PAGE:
Archive: 2011

An Asset So Nice, It Should Be Counted Twice

Published: Thursday, December 1st, 2011

This article will first examine the historical development of the concept of impermissible double counting, next examine the recent case (McReath v. McReath) and suggest what courts should do if the issue presents itself.

Contract Support Allows Parties to Make Decisions Without Fear of Court Intervention

Published: Friday, November 4th, 2011

Listening to oral arguments is generally frustrating for me. Case in point: On Oct. 6, the Wisconsin Supreme Court heard oral arguments in May v. May.

McReath Decision Leaves Some Questions Answered

Published: Monday, July 25th, 2011

On July 12, the Wisconsin Supreme Court issued its opinion in McReath v. McReath, involving the challenging issues of salable goodwill and double-counting of property and income. In a case involving important issues, how did the court do? Overall, pretty well.

Be Careful What You Bargain For, You Might Just Get It

Published: Thursday, July 14th, 2011

When the Wisconsin Supreme Court chose to accept review of Topolski v. Topolski, I wondered why, especially after the court had rejected review of several family law cases where its input would’ve been useful. On July 8, the high court issued its decision, which – yawn – did nothing to change my mind, or to justify the time and effort expended by this court in granting review.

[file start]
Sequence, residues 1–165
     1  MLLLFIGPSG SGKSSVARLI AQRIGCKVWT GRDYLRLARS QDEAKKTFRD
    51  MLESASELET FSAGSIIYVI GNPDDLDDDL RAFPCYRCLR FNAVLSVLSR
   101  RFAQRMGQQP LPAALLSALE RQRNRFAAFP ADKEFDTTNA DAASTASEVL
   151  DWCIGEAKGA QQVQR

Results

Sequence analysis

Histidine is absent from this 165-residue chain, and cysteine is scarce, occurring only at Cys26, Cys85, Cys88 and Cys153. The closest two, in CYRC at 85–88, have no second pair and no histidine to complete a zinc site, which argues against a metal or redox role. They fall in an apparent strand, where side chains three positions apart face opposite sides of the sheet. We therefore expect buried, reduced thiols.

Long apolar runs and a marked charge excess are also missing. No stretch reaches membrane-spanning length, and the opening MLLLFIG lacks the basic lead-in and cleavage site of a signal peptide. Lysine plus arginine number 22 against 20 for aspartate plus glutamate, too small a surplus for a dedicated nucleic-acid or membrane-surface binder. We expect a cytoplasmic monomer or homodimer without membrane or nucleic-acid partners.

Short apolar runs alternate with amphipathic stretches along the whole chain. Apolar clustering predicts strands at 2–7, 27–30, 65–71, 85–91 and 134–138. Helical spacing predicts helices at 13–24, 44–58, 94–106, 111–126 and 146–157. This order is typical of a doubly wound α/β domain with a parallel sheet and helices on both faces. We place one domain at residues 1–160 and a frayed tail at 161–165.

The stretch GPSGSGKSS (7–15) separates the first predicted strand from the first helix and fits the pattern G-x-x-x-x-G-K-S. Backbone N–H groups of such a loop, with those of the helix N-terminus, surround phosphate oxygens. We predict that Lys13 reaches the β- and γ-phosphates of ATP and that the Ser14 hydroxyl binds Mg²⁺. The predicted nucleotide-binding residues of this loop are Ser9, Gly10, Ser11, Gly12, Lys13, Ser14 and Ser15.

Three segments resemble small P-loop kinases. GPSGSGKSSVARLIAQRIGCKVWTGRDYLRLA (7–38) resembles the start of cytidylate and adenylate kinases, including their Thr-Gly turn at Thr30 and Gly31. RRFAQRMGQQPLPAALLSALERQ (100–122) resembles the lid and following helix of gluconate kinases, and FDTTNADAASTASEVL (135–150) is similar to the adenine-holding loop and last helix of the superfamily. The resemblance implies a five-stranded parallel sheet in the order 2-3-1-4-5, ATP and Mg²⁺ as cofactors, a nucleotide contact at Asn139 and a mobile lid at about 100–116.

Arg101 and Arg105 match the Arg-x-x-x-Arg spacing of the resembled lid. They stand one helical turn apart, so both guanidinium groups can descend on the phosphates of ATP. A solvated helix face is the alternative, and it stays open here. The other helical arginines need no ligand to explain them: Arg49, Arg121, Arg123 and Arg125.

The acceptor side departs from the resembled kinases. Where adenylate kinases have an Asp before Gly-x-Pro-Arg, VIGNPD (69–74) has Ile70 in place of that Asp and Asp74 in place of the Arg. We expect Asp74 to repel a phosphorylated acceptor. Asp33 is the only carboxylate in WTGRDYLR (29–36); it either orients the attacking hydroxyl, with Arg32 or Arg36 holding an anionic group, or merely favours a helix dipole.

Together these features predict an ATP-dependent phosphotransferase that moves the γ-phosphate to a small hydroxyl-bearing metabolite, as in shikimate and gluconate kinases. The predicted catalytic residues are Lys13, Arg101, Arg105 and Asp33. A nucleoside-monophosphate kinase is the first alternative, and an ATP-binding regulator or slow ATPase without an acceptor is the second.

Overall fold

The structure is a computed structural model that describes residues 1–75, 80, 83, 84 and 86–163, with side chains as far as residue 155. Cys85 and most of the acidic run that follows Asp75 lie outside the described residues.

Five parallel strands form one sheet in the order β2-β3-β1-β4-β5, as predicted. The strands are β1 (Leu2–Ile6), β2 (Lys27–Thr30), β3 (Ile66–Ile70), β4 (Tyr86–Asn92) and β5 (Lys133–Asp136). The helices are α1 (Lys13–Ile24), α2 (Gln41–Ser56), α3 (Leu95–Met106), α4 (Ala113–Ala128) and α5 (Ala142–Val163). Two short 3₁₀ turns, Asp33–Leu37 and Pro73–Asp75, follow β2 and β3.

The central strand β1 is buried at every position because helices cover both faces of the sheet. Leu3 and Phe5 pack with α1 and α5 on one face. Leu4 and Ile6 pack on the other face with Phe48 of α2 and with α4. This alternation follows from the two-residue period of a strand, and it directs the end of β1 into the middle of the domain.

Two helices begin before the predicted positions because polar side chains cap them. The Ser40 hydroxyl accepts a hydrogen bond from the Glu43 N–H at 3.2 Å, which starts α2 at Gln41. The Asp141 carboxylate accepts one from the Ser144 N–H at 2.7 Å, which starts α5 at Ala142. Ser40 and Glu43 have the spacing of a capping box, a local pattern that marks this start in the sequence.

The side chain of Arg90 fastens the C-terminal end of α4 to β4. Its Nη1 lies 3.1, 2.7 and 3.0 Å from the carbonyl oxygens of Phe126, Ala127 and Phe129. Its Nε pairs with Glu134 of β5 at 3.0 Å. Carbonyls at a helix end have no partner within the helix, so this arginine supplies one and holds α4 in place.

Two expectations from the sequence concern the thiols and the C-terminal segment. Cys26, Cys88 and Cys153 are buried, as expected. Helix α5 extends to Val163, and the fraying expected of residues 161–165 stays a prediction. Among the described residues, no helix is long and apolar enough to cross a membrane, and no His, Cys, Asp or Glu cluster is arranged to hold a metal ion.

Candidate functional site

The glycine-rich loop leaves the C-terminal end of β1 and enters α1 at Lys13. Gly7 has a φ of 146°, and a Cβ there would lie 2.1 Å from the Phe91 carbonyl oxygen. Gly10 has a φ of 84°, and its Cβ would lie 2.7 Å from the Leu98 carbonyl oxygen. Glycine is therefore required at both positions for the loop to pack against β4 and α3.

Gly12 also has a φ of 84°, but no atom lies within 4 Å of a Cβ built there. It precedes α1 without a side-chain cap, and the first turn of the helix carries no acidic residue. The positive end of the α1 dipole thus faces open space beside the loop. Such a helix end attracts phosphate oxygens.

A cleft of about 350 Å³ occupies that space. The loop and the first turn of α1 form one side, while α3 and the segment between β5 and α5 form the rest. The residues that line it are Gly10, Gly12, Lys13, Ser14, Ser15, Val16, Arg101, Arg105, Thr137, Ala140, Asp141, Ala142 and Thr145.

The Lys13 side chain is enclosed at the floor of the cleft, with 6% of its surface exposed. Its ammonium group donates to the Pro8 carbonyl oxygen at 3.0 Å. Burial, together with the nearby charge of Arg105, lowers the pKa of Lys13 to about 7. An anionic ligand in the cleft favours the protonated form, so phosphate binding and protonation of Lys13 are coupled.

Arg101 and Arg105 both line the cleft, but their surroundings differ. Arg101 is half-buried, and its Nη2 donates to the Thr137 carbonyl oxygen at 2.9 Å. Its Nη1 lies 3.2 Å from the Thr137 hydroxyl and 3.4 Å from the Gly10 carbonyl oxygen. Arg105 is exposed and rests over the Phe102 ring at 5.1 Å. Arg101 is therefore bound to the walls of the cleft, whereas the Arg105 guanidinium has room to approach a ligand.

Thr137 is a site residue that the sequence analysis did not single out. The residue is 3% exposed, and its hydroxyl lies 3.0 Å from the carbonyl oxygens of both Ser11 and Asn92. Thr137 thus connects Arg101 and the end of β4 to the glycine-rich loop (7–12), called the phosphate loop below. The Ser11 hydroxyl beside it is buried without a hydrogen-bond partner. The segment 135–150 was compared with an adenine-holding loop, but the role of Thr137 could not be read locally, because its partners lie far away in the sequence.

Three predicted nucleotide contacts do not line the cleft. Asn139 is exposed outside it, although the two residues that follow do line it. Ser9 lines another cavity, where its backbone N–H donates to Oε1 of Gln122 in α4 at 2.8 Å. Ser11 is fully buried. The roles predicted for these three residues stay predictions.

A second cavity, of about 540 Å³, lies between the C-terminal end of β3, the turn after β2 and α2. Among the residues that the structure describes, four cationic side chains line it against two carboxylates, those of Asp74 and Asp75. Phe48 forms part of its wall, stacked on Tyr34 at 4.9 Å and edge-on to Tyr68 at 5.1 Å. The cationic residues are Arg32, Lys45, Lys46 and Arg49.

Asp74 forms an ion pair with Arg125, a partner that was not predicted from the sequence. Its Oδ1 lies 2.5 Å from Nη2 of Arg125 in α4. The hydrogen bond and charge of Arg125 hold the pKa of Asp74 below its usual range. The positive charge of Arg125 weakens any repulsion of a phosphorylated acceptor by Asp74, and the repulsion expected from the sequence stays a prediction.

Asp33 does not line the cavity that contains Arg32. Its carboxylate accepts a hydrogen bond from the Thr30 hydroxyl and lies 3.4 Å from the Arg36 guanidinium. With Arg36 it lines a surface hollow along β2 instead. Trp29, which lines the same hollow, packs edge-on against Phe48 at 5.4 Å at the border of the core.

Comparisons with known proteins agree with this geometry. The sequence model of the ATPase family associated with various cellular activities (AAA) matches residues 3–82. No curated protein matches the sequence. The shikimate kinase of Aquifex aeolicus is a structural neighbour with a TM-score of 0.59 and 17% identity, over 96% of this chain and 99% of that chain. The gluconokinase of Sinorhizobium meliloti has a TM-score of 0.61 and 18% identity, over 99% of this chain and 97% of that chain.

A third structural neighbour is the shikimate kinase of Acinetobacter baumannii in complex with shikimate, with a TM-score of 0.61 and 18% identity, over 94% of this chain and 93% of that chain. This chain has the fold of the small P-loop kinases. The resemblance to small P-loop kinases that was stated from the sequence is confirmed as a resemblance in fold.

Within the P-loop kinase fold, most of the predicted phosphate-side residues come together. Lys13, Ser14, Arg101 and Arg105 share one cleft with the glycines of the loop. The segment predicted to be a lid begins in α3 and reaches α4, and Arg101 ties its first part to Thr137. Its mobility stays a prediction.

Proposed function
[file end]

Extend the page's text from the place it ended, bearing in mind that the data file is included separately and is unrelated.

Why Are There Fewer Collaborative Divorce Filings?

Published: Wednesday, June 8th, 2011

A few years ago, it appeared that collaborative divorce, and its cousin, cooperative divorce, would be the “new thing,” revolutionizing the practice of divorce in Wisconsin. It recently felt like time to update the study — which resulted in some very different conclusions.

New Statute Adds Extra Hurdle to Admit Expert Testimony

Published: Thursday, April 7th, 2011

Wisconsin had long adhered to the “relevance” test for expert testimony: Whether the evidence would likely assist the finder of fact. As recently as a year ago, the Wisconsin Supreme Court refused to adopt Daubert. Never shy, the Wisconsin Legislature has decided it knows evidentiary law better than the Wisconsin Supreme Court.

Court Has Chance to Settle Big Issue

Published: Tuesday, February 1st, 2011

Could it be that our Supreme Court, which has gone over two years without deciding a single significant family law case, could have not one, but two such cases before it in the present term? Am I dreaming?

Maintenance and the Open Letter of the Law

Published: Tuesday, January 11th, 2011

An open letter to Wisconsin Lawmakers on spousal maintenance,

Spousal Maintenance an Ongoing Concern

Published: Tuesday, January 4th, 2011

There’s an old joke about a husband not wanting to pay his wife any maintenance. The judge, after hearing the evidence, finds she is entitled to support and says, “I’m going to give her $1,000 per month.” The husband responds, “Damn nice of you, judge. I’ll kick in a couple hundred bucks of my own.”